Unorthodox: The Scandalous Rejection of My Hasidic Roots by Deborah Feldman
Published: 2012 by Simon & Schuster
Source: Purchased (e-book)
I’ve always been interested in other cultures, but since I read Anne Frank: The Diary of a Young Girl when I was eight or nine, I have been especially interested in Jewish culture. Not that it is connected, but the man I married happens to be Jewish and in some ways I’m more interested in the different holidays and customs than he is (he is not observant, as you may have guessed).
So I was interested in reading this book, Unorthodox, after hearing some buzz about it on Twitter and elsewhere. It piqued my interest to get an insider’s look into an enclosed society, and it sounded like the story of a brave young woman who seeks more for her life than just religion.
Deborah Feldman was raised by her grandparents in the Hasidic enclave of Williamsburg, Brooklyn. Her mother left her at an early age, apparently unable to cope with the strict confines of the Satmar sect into which she married. Deborah’s father was present but not present; he seemed to have a mental deficiency and was unable to be a parent to her. Growing up, Deborah knew what was expected of her — to marry and have many children — but she wanted more. Discovering books and the power of reading at an early age, she quickly learned what the world outside of Williamsburg had to offer her. That’s not to say she wanted to abandon her religion; though she took issue with some of the rituals and traditions, I think that being Jewish was still important to her and that she sought wider life experiences.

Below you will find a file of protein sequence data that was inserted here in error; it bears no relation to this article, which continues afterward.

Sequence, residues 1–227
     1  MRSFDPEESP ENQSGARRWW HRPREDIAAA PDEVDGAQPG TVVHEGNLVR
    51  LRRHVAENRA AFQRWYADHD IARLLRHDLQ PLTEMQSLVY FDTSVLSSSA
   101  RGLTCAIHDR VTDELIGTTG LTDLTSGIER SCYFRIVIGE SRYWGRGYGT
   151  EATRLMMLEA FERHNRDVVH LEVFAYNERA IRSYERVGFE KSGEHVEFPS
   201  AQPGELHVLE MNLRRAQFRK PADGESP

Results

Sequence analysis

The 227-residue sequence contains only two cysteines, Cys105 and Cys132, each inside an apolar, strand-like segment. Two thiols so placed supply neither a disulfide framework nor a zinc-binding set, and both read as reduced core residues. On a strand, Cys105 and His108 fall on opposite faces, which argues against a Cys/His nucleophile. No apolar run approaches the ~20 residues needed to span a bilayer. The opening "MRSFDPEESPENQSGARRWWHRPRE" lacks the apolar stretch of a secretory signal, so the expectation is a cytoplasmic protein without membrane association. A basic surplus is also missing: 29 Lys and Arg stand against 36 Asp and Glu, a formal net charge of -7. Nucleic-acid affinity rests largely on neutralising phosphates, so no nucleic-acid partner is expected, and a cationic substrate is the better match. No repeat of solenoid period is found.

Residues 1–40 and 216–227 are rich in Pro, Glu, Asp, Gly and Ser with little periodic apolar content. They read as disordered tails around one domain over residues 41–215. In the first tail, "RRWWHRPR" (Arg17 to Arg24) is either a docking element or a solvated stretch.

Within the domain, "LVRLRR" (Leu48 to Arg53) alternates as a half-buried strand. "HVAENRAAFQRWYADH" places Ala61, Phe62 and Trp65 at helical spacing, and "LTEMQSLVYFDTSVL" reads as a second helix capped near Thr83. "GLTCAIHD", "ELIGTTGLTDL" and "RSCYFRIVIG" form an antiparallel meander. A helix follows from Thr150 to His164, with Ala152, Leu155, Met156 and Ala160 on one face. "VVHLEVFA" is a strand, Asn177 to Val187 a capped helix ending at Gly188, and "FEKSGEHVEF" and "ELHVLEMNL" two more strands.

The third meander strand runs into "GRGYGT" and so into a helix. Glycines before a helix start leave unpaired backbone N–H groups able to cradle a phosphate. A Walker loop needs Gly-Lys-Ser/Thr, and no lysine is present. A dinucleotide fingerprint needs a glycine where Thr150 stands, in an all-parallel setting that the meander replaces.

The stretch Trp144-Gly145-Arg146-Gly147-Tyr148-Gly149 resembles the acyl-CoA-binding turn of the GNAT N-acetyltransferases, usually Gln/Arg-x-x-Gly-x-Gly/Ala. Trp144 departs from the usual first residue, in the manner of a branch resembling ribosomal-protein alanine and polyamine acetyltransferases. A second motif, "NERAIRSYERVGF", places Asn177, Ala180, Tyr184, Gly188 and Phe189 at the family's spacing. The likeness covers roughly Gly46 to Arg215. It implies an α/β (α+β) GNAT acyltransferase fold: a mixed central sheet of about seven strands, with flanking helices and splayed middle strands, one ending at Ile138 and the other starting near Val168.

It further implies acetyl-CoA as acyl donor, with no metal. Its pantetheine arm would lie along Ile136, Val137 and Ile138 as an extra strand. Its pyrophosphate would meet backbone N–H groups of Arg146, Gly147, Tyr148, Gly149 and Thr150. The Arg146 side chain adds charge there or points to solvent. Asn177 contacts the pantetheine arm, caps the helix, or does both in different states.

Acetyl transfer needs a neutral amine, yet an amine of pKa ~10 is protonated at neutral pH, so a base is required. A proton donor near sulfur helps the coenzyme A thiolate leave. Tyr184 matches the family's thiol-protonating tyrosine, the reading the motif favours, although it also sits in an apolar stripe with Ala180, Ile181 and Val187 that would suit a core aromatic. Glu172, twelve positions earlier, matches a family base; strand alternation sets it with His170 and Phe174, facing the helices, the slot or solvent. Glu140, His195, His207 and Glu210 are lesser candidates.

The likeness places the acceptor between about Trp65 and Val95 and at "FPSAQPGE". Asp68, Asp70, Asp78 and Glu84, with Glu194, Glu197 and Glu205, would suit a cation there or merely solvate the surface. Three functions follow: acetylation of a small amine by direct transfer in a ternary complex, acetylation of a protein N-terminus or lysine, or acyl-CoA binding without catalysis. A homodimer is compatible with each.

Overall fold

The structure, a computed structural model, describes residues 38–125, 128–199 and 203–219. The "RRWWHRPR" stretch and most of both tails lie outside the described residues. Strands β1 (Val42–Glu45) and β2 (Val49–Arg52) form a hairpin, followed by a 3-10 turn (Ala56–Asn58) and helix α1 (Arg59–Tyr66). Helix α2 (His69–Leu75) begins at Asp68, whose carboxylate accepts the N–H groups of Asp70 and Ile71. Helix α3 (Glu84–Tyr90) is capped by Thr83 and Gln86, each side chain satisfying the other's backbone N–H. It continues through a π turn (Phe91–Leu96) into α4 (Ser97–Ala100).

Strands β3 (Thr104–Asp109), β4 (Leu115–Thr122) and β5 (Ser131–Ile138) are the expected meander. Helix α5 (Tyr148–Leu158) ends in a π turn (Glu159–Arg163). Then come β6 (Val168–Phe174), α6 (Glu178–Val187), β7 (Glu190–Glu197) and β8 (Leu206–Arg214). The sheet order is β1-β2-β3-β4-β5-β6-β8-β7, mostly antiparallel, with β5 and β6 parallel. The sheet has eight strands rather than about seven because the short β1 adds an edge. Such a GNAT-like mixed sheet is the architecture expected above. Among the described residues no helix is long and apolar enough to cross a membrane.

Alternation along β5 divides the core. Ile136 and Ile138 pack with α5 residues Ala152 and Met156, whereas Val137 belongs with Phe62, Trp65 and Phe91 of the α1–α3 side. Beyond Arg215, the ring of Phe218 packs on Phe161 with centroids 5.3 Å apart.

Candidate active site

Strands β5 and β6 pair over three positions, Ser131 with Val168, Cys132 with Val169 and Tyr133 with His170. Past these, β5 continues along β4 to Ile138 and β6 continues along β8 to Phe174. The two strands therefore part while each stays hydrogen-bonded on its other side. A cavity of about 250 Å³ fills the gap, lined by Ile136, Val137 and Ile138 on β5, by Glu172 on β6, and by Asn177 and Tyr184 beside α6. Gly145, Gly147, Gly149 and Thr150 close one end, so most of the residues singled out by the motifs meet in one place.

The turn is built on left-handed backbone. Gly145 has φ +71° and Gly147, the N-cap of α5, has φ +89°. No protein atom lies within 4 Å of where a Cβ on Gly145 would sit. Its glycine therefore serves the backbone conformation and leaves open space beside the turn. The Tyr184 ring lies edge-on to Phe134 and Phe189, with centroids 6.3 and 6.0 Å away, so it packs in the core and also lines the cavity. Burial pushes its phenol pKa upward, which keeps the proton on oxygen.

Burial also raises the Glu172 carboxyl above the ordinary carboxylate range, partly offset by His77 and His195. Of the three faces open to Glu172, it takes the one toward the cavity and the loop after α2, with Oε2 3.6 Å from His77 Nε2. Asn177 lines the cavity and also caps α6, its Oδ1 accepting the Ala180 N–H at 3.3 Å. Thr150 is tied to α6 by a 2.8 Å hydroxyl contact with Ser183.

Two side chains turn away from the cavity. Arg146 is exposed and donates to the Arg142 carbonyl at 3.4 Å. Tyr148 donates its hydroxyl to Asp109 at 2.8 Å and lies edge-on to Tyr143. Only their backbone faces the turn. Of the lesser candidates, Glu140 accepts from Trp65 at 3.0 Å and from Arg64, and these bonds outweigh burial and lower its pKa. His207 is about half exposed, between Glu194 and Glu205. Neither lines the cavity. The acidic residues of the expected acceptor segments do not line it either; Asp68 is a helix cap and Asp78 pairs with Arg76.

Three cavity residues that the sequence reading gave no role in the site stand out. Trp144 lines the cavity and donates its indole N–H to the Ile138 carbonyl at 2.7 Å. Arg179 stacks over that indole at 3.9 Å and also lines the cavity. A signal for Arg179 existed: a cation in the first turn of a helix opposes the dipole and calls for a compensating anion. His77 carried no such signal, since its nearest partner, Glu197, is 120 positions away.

As expected, she married at age 17 and despite the rigid gender roles it appears that she was given a fair amount of freedom in her marriage; at least more than I expected, given my preconceived notions. After she gives birth to her son, she begins taking some classes at a local college, and there she realizes that if she truly wants to fulfill her ambitions she must escape the only life she has known and start anew.
Based on the buzz I had heard upon the book’s release I was expecting an incendiary story of how Hasidic Judaism is awful and that Ms Feldman had to risk her life to escape it. But I didn’t find it that way at all. She is certainly critical of Hasidic Judaism, especially of its insularity, and it was brave for her to leave her situation, but it wasn’t as dramatic as I expected (yep, the buzz worked). Nonetheless I found it to be a very interesting read.
Note: When the book was published there were claims from members of the Hasidic community that what Feldman wrote about them was not true — for example, how she acted in the community, and, on a larger scale, the mysterious circumstances of a boy’s death . Since I read the book some months after publication and after the furor died down, this didn’t affect how I read the book; in fact, based on the controversy I was expecting much stronger allegations but found none.